Want a raise? Get Salesforce.com certifications, survey shows

There is an extremely high demand for employees who can work with Salesforce and this has led to much higher than average salaries for these positions, says Geoffrey Flynn, practice area lead for Slalom Consulting and a Salesforce MVP.

In a recent report of Canadian Salesforce user groups organized by Flynn and Aiden Martin, it surveyed 166 people from private Salesforce User Groups to find out what their salaries were and what factors lead to the best earnings.

Geoffrey Flynn is very active in the Salesforce user community.

Across the board, the salary figures reported were much higher than the average Canadian annual salary. The average Salesforce-certified worker earns an average of $97,934 annually, according to the user group survey. Compare that to the average Canadian, who makes $55,806.40, according to Statistics Canada.

Why? Because there’s high demand for the skill set, Flynn says.

“It’s just a really high demand job nowadays,” says Flynn. “It’s essentially your classic kind of race for talent. It’s a limited supply and a huge amount of demand.”

Two factors heavily influenced higher salaries, the report showed – the number of Salesforce certifications earned, and years of experience.

For those with two or less Salesforce certifications, the salary range was $86,213-$88,028. But after acquiring a third Salesforce certification, or even as many as six, that number jumped up to between $101,893-$129,385.

We can also see similar trends when examining the salary figures related to years of experience. For employees with between zero and six years of experience, the average salary ranged from $80,098-$93,802. After that point is where you really see a jump in salary, but it also plateaued significantly. From seven years of experience onward, the salaries spanned from $116,195 to $117,800.


Some of the factors that were explored in the report that had surprisingly little variance were the salary figures by gender and the salary figures between those working in urban areas and those working in rural areas.

Most refreshing perhaps, is the relatively small gap between the salaries of men and women working on Salesforce.

The survey found that on average men are earning $99,369 and women are earning $93,998. While it is not complete pay equality, these numbers are much less drastic than the gender pay gap across other industries in Canada.

According to statistics provided by Statistics Canada, women on average earn 87 per cent of what their male counterparts earn. Based on the data in this study, women working with Salesforce earn 95 per cent of the amount men earned.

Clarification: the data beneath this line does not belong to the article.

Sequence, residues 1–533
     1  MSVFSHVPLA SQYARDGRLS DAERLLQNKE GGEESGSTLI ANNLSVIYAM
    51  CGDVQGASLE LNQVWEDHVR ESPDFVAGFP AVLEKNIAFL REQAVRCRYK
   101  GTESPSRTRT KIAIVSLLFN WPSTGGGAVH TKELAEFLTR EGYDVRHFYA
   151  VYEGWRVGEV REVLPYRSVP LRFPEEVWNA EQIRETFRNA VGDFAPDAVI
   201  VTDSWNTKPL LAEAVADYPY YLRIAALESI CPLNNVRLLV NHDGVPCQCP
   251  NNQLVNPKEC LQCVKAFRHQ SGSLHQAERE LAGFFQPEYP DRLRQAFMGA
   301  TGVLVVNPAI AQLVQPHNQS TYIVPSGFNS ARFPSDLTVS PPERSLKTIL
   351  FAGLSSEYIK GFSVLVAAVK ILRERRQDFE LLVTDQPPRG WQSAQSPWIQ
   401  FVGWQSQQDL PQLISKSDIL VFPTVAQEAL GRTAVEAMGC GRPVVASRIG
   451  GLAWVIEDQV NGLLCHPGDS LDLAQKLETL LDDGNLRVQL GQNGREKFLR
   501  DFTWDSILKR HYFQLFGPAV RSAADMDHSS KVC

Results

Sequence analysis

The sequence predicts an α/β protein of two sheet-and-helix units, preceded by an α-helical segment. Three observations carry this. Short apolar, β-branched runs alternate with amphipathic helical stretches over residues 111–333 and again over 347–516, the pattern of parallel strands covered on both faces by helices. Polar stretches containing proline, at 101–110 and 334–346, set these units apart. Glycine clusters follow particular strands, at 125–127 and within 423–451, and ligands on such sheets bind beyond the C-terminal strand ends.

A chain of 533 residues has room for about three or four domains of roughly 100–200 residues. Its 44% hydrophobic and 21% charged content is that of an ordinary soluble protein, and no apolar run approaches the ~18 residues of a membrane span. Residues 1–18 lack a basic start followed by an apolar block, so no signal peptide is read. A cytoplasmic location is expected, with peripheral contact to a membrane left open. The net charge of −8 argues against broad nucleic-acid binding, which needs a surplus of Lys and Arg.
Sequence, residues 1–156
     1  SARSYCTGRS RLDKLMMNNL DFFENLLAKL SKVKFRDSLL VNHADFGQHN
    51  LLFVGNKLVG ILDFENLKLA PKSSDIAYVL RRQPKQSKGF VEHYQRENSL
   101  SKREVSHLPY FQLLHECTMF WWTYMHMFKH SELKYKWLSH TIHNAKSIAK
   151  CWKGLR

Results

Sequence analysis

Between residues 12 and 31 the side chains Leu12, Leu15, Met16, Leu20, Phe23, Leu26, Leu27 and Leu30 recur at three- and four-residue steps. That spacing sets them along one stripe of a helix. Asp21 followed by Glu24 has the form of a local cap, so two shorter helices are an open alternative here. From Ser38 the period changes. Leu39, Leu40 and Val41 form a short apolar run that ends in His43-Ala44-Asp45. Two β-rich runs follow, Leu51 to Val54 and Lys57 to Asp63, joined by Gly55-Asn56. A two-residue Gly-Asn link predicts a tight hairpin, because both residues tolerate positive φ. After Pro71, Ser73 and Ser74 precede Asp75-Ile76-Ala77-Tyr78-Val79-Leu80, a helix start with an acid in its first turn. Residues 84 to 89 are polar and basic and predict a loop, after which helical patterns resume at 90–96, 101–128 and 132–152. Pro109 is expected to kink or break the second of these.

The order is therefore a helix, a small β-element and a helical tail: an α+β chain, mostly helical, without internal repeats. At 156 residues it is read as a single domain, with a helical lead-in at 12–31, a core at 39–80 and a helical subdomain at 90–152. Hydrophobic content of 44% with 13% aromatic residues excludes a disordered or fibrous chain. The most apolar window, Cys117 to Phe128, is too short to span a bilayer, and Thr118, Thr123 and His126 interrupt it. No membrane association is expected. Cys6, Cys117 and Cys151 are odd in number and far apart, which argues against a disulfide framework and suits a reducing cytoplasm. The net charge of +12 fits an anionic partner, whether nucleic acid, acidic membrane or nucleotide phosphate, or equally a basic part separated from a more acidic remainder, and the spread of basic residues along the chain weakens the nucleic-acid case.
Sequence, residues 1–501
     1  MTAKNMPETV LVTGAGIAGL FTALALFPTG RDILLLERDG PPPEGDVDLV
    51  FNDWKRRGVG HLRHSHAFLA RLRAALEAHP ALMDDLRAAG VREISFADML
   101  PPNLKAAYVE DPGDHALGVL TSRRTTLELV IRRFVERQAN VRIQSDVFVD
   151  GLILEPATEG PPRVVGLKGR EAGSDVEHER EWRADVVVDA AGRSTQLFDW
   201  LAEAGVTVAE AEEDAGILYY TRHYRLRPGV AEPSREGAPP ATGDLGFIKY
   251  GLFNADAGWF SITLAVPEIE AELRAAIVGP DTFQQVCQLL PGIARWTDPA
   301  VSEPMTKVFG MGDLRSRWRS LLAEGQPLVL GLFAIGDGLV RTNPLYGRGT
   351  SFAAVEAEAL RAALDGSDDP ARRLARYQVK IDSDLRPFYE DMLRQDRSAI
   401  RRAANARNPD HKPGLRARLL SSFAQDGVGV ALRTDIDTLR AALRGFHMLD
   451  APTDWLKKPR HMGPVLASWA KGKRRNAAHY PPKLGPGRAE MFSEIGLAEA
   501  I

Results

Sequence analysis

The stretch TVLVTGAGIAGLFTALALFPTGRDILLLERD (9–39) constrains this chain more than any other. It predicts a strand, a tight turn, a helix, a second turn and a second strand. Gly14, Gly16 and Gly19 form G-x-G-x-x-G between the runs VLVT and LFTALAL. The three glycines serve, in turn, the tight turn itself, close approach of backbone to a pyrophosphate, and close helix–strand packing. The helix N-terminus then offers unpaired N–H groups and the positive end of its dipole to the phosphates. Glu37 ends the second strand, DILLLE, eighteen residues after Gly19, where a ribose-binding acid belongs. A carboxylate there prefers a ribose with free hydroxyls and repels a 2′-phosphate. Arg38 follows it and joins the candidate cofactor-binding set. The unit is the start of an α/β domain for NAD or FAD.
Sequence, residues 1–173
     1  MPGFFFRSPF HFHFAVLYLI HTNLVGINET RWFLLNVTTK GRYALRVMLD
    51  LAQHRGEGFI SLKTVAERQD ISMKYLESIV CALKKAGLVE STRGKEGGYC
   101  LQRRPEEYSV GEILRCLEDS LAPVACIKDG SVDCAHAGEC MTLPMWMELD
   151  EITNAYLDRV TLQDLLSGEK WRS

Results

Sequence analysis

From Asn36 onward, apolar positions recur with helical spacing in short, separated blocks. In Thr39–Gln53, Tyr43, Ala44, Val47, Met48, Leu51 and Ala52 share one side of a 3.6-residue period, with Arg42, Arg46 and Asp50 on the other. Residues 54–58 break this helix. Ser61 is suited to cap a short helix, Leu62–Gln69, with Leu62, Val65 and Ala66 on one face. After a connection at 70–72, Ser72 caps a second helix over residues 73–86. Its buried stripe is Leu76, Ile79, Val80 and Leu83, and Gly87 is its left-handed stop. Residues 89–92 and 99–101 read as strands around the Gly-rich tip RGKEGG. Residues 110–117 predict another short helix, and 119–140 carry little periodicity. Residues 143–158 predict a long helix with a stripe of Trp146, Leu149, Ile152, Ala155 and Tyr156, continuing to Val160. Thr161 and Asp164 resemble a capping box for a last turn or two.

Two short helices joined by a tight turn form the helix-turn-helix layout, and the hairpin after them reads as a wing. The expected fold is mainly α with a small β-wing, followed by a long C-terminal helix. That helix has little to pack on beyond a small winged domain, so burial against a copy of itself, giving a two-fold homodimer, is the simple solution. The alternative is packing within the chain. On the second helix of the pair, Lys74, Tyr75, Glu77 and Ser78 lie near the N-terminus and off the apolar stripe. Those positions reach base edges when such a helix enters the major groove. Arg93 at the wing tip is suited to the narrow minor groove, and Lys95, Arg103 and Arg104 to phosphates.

Also encouraging was the lack of a drastic gap between those working in the three major tech hubs (Toronto, Vancouver, and Montreal) and those that worked in rural areas. In fact, beyond those three cities, workers in rural areas actually reported higher earnings than those in urban areas.

While traditionally one had to live in an urban hub to be able to earn a high salary, those in small-town rural areas reported an average salary of $92,000, which is not as much lower as one might expect than the $101,704 reported by those in Montreal, Toronto, and Vancouver.

Another interesting wrinkle among the findings was a higher reported average salary for those that worked remotely as opposed to those working in traditional office spaces; $117,647 and $92,458, respectively.

While Flynn could not present a reason for the higher salary for remote workers, he did say that Salesforce positions are the types of jobs that are conducive to remote work and he believes this is a trend that will continue to become more and more common.

“I definitely think there’s going to be a world – and we are kind of experiencing it now – where companies will have to catch up to people’s interest in working remotely,” Flynn said. “There’s no reason why we can’t work more remotely with all of the technology that is out there today.”

The freedom to work remotely, as well as the demand for the skills – combined with the effect this has on salary levels – has created an opportunity for those interested in technology to make use of a favorable employment landscape.

“If you have a passion for technology and a passion for critical thinking, the barriers to entry aren’t high,” said Flynn. “There’s massive demand out there. People are willing to invest to help you learn as long as you’re willing to put the time in yourself. The sky’s the limit in terms of what you can do within Salesforce right now.”

For those already working with Salesforce, Flynn highly recommends changing their job title on LinkedIn to reflect that, as Salesforce-oriented skills are providing more and more value to employers every day.

Would you recommend this article?


Thanks for taking the time to let us know what you think of this article!
We'd love to hear your opinion about this or any other story you read in our publication.

Jim Love, Chief Content Officer, IT World Canada

Featured Download

Buckley Smith
Buckley Smithhttps://www.itbusiness.ca
Staff writer for IT World Canada. Covering the world of technology as it applies to business. Buckley is an avid sports fan who loves travel, food, and music. Can be contacted at [email protected] or 416-290-2000.

Featured Story

How the CTO can Maintain Cloud Momentum Across the Enterprise

Embracing cloud is easy for some individuals. But embedding widespread cloud adoption at the enterprise level is...

Related Tech News

Get ITBusiness Delivered

Our experienced team of journalists brings you engaging content targeted to IT professionals and line-of-business executives delivered directly to your inbox.

Featured Tech Jobs